What we can learn from our friends across the sea
by Abby Eberts
The European Union is the combination of twenty-seven nations in Europe, bonding together to form an economic alliance. This bond has grown into something much larger than simply an economic one. The EU works much in the same way the American government does, providing funds, bonds, and grants to cities around Europe for regrowth. The European Union is divided has two subsets, the Eurozone and the rest of the nations. The nations in the Eurozone are the ones who use the euro as their currency. However, countries such as Great Britain that are members of the EU but do not employ the use of the euro have a bit of a unique situation. The EU is essentially a trade alliance for them, as opposed to a complete, all-encompassing economic alliance. “We would be mad to come out of it,” states Mayor George Ferugson of Bristol. “It’s really important to our future economic and social sustainability.”
Nation’s membership in the EU has a number of ramifications. Mainly, is the sense of partnership, courtiers in the EU are “encouraged” through monetary benefits to work together. On the national level, this policy is beneficial. However, on the basis of cities, this is not the best solution. Describe as, “a sort of forced partnership” by Mike Reardon of the Hesteline Institute in Great Britain, cities are required to work with one or more other cities. This policy is not bad by any means, as Reardon describes it to have, “strengthened European identity.”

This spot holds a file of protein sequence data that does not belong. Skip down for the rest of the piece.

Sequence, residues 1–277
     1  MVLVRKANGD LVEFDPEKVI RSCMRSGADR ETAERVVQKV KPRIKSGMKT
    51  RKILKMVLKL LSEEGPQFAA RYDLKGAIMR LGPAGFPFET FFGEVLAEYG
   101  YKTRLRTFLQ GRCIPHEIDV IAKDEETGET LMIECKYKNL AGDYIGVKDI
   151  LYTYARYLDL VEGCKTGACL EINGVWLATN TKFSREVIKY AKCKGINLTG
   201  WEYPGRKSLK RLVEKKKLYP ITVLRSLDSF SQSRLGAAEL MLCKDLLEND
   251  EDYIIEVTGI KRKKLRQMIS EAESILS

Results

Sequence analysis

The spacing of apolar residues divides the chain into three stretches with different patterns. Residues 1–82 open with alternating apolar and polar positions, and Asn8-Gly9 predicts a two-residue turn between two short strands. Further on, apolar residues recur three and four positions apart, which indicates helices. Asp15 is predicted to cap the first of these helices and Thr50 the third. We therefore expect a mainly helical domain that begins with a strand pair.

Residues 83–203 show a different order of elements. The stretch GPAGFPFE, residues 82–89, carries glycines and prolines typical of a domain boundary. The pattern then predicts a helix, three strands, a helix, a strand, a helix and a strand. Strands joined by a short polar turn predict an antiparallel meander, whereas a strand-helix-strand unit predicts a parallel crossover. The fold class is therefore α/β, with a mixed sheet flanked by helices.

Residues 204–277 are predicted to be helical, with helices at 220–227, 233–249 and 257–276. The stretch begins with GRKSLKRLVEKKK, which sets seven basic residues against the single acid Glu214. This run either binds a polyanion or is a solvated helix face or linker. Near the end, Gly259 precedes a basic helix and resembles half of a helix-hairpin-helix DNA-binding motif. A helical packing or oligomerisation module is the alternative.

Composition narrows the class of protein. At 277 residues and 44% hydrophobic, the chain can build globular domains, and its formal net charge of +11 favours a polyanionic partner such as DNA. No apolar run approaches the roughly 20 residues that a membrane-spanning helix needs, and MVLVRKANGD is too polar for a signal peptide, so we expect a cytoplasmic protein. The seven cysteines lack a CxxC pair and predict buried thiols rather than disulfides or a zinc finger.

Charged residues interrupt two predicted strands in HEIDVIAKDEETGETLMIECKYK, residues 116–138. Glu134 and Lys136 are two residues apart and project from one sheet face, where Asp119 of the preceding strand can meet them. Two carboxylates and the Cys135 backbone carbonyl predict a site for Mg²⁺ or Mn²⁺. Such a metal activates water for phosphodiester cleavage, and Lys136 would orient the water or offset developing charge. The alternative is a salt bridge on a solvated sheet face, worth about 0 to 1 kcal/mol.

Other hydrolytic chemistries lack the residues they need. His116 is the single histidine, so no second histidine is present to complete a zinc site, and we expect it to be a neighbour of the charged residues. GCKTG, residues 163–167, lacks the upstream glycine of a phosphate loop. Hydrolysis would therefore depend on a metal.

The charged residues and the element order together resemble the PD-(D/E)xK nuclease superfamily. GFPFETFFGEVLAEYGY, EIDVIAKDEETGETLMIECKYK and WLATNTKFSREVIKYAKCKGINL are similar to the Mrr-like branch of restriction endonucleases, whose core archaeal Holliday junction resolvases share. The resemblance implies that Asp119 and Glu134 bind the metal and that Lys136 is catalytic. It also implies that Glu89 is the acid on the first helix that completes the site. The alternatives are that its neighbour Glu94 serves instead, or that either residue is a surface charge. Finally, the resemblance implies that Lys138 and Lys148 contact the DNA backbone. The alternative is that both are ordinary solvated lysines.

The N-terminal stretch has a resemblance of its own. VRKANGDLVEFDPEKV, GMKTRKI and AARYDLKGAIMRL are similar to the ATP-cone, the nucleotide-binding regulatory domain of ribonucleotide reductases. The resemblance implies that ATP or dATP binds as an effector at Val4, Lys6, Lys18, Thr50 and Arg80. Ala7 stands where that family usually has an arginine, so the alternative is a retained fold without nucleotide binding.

However, this optimistic view is not held by all. George Evans from Liverpool, England stated how Great Britain’s membership to the EU completely decimated his city’s economy. Liverpool was a town based on trading across the Atlantic, and when the EU “encouraged” near exclusive trade with European nations Liverpool lost all of its relevancy. Trade was suddenly shifted from west to east, changing the dynamic of Liverpool. Recently, the city has been able to bounce back, but it is unlikely that it will recover from the shock.
All in all, there is a fine line with the EU. To many cities, it is extremely beneficial. However, exactly how beneficial is it to the nations that do not use the euro? This is the answer that Great Britain will provide to the rest of the world.